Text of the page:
Write Faster – Free Voice Recognition Software

Microphone - useful for free voice recognition softwareHere’s a useful tip: It’s far faster to dictate a book than to type it.  That’s a quick-writing trick I learned from Jason Fladlien, and it’s worked for me for years.

I used Via Voice (originally from IBM) for a long time, and loved it.  With some training, the program was 95% – 98% accurate, and I liked how I could enter specific, unusual phrases that I use often.

Now, that old program doesn’t work on my newer (Windows 7) computer, and I was thinking about picking up a copy of Dragon Naturally Speaking, which has earned great reviews.

(If you’re going to get one of the Dragon programs, look at versions with all the bells & whistles you might need, so you can do things like input from a digital voice recorder.)

[Update: I bought an older version of Dragon that had the best reviews. It’s Dragon 11 Home edition. Out of the box, it’s better than the free Windows software. However, if you’re on a budget, the Windows option works just fine.]

Before you buy Dragon:  Did you know that Windows has a (free) voice recognition program already in it?  Yep.  And, from my experience, it works better straight out of the box than my well-trained Via Voice program did.

Weird, eh?

When I began using voice-recognition software, I’d tried a headset, but it gave me a headache and I suspected that the microphone wasn’t good enough to record consistently.

Then, I used a USB Samson Q1U microphone with a foam cover (“windscreen”) for the mic to prevent pops from being interpreted as parts of words.  The quality was excellent, and I used this same mic for my podcasts and Skype interviews.

2016 update: I’m now using a Blue Snowball mic.

I may still buy the Dragon program.  I’ll see how often I’d actually record/dictate while I’m out walking or in the car.  For now, the Windows program is working fine.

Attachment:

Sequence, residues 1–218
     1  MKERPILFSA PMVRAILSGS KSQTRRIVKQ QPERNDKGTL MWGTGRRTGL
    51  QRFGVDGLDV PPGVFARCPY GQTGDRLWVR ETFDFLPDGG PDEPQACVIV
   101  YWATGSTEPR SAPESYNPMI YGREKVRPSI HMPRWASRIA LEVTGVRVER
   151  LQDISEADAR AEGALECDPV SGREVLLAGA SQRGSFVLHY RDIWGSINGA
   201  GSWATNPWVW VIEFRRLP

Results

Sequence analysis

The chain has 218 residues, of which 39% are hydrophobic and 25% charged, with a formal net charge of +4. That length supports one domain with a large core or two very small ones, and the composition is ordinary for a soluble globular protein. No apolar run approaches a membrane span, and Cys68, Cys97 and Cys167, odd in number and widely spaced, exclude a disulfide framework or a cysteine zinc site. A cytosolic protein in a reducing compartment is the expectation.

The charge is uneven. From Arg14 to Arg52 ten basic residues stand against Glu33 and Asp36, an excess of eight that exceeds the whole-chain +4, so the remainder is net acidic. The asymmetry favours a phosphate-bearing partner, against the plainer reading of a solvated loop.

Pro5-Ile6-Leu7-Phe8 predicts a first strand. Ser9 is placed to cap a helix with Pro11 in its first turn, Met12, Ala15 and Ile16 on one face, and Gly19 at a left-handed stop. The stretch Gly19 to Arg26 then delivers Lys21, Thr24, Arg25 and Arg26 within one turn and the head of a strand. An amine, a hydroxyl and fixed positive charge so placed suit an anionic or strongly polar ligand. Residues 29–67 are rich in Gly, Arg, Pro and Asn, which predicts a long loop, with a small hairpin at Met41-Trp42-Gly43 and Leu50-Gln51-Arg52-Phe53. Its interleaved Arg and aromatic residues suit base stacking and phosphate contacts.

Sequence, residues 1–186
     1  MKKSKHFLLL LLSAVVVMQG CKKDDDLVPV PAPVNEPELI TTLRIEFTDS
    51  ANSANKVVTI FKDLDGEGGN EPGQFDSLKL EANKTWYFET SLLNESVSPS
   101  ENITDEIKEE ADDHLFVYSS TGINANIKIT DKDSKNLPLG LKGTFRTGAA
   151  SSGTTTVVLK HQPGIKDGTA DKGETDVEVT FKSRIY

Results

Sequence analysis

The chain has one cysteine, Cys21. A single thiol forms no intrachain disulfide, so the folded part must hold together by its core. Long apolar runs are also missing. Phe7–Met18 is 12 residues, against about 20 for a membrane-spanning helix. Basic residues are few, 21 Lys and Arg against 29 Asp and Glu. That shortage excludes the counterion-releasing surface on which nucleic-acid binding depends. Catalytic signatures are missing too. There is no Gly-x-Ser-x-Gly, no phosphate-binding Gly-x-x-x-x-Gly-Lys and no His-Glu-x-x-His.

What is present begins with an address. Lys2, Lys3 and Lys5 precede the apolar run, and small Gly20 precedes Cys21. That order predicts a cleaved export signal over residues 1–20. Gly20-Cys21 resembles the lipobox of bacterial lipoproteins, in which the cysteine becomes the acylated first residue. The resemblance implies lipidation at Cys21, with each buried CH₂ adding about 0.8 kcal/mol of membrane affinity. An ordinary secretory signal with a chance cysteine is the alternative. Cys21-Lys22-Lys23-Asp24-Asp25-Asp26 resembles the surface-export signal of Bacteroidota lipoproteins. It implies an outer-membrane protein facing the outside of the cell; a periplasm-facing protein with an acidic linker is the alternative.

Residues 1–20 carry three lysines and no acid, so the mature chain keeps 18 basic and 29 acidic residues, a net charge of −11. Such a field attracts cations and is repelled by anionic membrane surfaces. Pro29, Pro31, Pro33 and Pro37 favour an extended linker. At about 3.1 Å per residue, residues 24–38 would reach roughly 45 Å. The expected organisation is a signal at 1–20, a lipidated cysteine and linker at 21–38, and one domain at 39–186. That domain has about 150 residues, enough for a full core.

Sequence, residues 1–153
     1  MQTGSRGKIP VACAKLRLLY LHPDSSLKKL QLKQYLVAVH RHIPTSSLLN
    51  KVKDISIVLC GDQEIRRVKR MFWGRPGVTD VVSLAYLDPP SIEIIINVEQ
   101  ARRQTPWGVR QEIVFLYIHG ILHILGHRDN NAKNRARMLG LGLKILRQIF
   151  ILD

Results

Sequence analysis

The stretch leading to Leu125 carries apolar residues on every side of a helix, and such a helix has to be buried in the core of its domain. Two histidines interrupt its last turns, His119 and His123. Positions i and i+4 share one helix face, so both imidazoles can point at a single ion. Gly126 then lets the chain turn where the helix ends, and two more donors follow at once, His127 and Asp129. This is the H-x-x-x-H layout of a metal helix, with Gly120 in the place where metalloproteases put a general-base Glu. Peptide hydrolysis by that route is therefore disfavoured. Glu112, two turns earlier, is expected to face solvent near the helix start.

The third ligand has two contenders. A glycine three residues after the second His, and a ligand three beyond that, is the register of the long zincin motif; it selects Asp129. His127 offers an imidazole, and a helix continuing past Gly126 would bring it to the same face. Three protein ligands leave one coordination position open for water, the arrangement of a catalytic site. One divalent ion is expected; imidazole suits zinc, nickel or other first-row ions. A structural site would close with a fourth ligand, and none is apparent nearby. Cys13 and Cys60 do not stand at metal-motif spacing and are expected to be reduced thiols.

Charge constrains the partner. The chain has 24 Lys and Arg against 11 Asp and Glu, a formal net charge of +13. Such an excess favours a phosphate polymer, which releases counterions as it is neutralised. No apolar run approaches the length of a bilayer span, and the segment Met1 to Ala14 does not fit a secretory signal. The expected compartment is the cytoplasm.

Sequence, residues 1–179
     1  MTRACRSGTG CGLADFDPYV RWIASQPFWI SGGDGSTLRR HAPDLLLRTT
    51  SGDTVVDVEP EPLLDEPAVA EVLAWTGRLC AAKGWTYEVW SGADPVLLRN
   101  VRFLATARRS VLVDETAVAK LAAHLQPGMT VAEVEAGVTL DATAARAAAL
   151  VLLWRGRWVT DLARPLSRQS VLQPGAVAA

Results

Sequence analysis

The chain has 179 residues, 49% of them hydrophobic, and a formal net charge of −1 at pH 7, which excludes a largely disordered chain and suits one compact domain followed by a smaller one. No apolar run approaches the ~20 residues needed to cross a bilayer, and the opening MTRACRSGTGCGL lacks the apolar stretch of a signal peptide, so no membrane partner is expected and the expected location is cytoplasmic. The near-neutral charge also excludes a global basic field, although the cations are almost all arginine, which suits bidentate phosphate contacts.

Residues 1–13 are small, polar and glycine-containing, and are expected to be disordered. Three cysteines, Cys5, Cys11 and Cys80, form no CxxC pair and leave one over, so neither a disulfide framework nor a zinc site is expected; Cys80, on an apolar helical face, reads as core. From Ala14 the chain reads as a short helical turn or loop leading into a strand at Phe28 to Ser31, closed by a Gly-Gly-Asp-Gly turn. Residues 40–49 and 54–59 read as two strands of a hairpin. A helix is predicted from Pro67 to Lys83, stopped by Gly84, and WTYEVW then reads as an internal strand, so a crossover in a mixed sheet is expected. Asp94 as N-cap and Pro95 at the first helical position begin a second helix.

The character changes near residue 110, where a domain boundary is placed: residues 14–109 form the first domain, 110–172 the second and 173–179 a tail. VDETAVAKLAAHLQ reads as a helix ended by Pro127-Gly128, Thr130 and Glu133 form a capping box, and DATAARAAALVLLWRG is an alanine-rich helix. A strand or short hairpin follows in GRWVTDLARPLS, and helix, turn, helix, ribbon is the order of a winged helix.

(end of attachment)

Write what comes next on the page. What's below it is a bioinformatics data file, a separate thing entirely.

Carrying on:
For best efficiency, I outline my book first… chapters and main headings.  I print that out as my “script” and then I start dictating what’s going to fill in the book.

Then, I print that out, double-spaced, and edit it, away from the computer. If I’m not rushing through a project, I like to edit my work so it’s in a journalistic style, with few extra words and no fluff.

Click here for 'Cult of Done Manifesto' poster download pageNote:  Be sure to keep enough style and color in your book that it’s not totally dry & boring.  If it could be read, convincingly, in a “Joe Friday” (Dragnet) voice… throw in more colorful words and anecdotes.

Then, I type in the edits and call it good.

(Over my desk, I have the text poster for the Cult of Done.  It’s a good reminder to just complete the work.  It doesn’t have to be perfect!  I do edit… but just once.  More than that can lead to stilted language and frankly, most readers either don’t notice or don’t care about an occasional, minor grammar, spelling, and punctuation errors.  That’s not an excuse to be sloppy, but — for someone like me — it’s important not to micromanage the book for so long, it never gets published.)

If you’re running Windows 7, here are the instructions to set up the software and use it:  http://windows.microsoft.com/en-us/windows7/What-can-I-do-with-Speech-Recognition

2016 update: I did buy Dragon Naturally Speaking, but I chose an older edition (11), not the current one. The older one cost less and had far better reviews.

Out of the box, it’s the best voice recognition software I’ve tried.

However, the free Windows speech recognition software is still a close second-best.

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